Lakeland’s annual classic car show may be running out of gas. That is unless a new sponsor can be found for the three-day October event, which appears to be a difficult task.
The show first graced Lake Mirror 20 years ago. It was started by Heacock Insurance Group founder Ford Heacock as the Lake Mirror Classic Auto Festival. Heacock is retired.
But MidFlorida is bowing out. “While Lakeland continues to serve as the headquarters for MidFlorida, recent expansion to be nearly statewide has caused the need to deploy resources differently, preventing us from devoting the considerable employee labor required throughout the year to host this event,” a recent post on the car show’s Facebook page said.
The yearly event is attended by thousands of people who appreciate the coolness of classic cars. It’s held on the Lake Mirror Promenade and on the downtown streets closest to the lake.
It may be difficult to find another sponsor, said Julie Townsend, executive director of the Lakeland Downtown Development Authority. She said she’s trying to do so, but it’s expensive and time consuming to put on the show. “It’s insurance and police” and a lot of things, she said.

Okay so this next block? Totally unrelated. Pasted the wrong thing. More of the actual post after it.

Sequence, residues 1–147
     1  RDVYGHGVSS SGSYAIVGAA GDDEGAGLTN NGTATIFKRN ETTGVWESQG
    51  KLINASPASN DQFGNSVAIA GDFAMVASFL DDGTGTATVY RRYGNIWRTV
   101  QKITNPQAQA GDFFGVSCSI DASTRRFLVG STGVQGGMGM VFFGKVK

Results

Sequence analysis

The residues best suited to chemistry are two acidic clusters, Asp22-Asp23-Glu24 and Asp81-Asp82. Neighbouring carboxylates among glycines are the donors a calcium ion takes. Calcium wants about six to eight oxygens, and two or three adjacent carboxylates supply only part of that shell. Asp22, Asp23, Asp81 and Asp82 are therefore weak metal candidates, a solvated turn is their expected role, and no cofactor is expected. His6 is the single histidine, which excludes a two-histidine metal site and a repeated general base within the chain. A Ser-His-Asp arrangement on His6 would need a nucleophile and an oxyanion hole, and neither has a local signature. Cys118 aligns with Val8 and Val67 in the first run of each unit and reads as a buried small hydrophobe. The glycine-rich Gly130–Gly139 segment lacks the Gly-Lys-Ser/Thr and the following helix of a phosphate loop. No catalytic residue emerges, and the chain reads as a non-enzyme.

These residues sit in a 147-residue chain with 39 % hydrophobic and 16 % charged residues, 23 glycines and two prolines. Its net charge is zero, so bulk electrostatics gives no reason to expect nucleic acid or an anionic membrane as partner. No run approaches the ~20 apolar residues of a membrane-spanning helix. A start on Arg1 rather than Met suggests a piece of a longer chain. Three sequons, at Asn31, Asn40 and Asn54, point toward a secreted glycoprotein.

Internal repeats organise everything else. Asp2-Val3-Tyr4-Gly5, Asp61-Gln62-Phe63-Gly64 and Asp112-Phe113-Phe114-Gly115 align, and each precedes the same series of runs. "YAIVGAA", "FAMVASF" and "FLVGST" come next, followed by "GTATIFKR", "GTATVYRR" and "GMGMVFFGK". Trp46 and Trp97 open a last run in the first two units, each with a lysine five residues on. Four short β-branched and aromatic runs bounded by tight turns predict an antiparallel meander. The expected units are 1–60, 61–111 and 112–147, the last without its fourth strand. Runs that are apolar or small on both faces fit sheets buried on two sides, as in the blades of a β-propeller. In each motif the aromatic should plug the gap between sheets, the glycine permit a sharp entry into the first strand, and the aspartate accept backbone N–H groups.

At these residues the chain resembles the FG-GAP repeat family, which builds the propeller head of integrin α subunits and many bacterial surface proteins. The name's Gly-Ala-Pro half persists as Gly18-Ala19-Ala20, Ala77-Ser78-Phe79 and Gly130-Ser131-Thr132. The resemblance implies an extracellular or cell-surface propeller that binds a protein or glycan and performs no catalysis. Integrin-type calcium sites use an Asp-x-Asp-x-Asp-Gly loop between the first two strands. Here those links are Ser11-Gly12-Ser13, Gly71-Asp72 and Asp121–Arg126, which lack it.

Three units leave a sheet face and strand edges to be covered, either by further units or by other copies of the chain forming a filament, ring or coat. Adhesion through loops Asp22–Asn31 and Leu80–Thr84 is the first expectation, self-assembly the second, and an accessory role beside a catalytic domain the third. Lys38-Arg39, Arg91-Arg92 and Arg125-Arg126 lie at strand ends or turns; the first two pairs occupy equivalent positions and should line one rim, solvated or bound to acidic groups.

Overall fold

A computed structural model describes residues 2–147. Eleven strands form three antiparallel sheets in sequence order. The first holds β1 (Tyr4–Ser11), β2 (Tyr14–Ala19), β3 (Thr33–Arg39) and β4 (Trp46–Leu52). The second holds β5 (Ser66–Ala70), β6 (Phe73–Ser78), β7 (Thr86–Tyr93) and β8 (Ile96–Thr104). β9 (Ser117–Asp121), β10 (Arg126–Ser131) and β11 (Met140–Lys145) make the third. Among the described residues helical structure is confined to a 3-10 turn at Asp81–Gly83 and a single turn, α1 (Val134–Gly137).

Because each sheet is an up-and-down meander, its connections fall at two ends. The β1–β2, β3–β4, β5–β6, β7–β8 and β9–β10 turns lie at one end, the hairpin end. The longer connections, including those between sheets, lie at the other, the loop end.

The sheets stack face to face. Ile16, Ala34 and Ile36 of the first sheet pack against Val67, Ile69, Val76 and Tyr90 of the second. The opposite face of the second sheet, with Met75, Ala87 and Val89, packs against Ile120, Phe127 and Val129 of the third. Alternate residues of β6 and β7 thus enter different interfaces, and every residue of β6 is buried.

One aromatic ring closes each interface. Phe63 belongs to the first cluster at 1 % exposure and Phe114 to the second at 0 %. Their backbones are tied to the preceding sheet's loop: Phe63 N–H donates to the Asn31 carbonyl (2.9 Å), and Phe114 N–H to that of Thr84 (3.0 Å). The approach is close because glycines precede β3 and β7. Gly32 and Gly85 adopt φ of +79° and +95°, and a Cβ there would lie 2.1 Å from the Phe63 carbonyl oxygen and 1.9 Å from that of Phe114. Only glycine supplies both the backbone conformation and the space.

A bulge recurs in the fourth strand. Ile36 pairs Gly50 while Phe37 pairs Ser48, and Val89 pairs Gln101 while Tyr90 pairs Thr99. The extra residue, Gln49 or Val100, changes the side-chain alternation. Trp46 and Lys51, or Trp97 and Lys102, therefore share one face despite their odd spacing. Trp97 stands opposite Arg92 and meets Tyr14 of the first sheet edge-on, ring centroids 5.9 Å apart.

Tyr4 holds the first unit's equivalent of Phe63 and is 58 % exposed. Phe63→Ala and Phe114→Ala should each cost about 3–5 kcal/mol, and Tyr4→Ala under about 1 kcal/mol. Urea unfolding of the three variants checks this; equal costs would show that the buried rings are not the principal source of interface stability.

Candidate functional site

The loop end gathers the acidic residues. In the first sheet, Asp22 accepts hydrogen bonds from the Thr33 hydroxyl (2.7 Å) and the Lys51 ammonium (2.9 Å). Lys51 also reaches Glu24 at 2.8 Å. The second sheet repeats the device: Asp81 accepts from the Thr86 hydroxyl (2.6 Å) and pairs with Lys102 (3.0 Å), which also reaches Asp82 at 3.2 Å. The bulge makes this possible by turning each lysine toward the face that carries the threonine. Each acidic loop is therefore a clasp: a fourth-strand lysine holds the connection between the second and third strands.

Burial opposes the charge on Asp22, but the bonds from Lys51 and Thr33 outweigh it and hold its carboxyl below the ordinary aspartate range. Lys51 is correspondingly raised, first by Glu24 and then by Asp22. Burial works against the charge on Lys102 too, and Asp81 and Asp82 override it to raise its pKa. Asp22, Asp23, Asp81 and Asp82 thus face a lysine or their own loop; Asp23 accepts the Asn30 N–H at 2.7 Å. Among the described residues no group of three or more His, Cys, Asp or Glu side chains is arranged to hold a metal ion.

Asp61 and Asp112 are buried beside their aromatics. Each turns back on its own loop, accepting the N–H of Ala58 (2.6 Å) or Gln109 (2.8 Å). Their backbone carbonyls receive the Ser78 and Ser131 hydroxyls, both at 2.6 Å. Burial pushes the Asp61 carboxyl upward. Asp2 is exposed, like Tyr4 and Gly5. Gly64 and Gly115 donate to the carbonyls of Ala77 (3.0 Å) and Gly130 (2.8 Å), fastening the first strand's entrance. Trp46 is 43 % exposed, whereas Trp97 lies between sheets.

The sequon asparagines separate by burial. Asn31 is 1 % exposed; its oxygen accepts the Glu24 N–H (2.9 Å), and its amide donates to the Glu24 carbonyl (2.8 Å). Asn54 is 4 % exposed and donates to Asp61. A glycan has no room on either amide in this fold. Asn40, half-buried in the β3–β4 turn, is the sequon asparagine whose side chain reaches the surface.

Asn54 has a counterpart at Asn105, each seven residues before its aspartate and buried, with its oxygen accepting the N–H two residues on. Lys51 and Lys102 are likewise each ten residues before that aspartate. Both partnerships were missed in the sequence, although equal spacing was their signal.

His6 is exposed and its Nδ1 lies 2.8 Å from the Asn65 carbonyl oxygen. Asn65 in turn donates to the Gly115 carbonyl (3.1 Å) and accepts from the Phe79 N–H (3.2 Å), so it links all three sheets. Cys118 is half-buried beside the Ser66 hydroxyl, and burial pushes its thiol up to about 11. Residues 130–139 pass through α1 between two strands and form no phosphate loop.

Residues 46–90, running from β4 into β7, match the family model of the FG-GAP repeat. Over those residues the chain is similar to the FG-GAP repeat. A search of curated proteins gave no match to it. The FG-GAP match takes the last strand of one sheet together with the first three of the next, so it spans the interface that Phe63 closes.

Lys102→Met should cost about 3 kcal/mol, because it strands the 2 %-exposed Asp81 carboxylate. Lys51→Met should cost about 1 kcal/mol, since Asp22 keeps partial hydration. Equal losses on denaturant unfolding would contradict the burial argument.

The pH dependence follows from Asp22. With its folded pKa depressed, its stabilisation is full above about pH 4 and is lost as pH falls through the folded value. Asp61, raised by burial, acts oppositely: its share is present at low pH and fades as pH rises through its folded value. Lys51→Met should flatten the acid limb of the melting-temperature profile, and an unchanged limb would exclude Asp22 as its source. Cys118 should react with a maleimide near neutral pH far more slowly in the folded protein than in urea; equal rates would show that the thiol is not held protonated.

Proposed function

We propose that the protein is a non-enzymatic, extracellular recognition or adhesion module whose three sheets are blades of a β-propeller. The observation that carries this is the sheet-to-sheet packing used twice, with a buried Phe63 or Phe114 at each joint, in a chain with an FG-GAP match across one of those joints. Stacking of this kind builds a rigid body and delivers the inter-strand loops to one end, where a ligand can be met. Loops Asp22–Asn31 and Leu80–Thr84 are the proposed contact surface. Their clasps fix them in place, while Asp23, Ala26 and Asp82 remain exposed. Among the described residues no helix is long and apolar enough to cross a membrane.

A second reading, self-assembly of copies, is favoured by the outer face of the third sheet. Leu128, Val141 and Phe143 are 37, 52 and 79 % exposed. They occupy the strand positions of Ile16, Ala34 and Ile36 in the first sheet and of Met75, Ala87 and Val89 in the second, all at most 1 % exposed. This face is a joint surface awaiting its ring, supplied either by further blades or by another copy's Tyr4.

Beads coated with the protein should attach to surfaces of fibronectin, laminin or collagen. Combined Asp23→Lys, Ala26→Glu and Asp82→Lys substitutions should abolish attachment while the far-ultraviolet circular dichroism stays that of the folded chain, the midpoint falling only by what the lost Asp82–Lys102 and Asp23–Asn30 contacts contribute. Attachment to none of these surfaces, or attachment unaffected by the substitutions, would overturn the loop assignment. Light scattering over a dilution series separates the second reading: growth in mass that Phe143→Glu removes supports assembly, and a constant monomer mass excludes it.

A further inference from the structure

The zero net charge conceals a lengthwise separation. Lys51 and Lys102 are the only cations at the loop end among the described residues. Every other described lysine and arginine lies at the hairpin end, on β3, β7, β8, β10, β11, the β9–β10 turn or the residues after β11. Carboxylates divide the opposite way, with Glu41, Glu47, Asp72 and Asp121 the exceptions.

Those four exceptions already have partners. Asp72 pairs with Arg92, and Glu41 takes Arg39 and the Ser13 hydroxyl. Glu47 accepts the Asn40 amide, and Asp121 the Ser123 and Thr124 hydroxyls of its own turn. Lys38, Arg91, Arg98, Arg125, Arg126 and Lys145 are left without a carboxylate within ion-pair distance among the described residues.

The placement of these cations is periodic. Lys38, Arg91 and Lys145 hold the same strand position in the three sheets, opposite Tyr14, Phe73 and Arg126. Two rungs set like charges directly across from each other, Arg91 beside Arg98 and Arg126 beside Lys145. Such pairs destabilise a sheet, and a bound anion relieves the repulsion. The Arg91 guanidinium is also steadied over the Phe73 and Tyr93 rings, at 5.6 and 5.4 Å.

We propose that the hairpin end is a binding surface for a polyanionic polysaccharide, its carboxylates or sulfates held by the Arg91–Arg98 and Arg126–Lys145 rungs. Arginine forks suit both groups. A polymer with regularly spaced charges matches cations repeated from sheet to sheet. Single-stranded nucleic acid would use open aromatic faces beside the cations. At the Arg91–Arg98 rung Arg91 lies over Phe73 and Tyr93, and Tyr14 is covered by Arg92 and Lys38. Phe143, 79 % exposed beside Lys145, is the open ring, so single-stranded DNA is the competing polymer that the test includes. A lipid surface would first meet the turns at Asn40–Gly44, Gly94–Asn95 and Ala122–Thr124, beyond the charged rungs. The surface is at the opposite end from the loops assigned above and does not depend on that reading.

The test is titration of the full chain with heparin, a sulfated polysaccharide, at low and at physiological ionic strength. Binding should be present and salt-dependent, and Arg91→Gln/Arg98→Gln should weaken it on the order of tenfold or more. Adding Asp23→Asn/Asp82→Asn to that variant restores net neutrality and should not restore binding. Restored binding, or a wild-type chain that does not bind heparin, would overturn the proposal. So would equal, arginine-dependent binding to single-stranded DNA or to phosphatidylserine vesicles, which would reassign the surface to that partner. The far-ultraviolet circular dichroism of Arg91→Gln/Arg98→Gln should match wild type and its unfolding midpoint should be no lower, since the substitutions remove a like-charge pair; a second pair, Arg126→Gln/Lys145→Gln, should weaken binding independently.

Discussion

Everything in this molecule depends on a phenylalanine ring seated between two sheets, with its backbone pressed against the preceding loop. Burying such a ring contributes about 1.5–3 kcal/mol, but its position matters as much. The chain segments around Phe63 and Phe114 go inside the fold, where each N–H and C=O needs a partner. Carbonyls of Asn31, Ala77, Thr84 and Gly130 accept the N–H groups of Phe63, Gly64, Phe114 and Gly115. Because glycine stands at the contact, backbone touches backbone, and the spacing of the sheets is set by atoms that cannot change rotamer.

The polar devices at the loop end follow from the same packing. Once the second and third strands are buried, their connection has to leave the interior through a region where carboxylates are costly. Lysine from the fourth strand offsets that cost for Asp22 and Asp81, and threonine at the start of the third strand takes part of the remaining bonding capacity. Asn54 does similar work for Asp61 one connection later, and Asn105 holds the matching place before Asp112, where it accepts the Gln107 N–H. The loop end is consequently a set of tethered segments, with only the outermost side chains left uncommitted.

But Townsend said it’s something that enhances the downtown and it’s profile and she wants it to stay. The show brings visitors downtown to eat, stay in hotels, and visit stores, Townsend said.
She said the city’s charm rubs off on the visitors and many come back. “It brings people to Lakeland that otherwise wouldn’t come,’ she said.
Townsend said she knows the LDDA won’t sponsor the show and she doubts the city would do it.
Heacock said he understands that MidFlorida had to make a tough business decision. “They realized it can be a manpower drain; this is like running a convention.” he said.
Heacock said the car show was rewarding to him. “I made hundreds of friends and made thousands of memories,” he said.
Tip Franklin, a longtime member of the Deep South Cobra classic car team, said he loves the Lakeland show and doesn’t want to see it die. He said he has seen as many as 500 cars in the show.
Other car shows in Florida are first-class promotions, particularly in Brandon and Daytona Beach, he said, adding that he forwarded the names of some other promoters to Townsend so she can question them.
The cost of hosting an event event is steep, but there is one way to cut deeply into the cost, Franklin said: “Instead of a three-day event, make it one day.”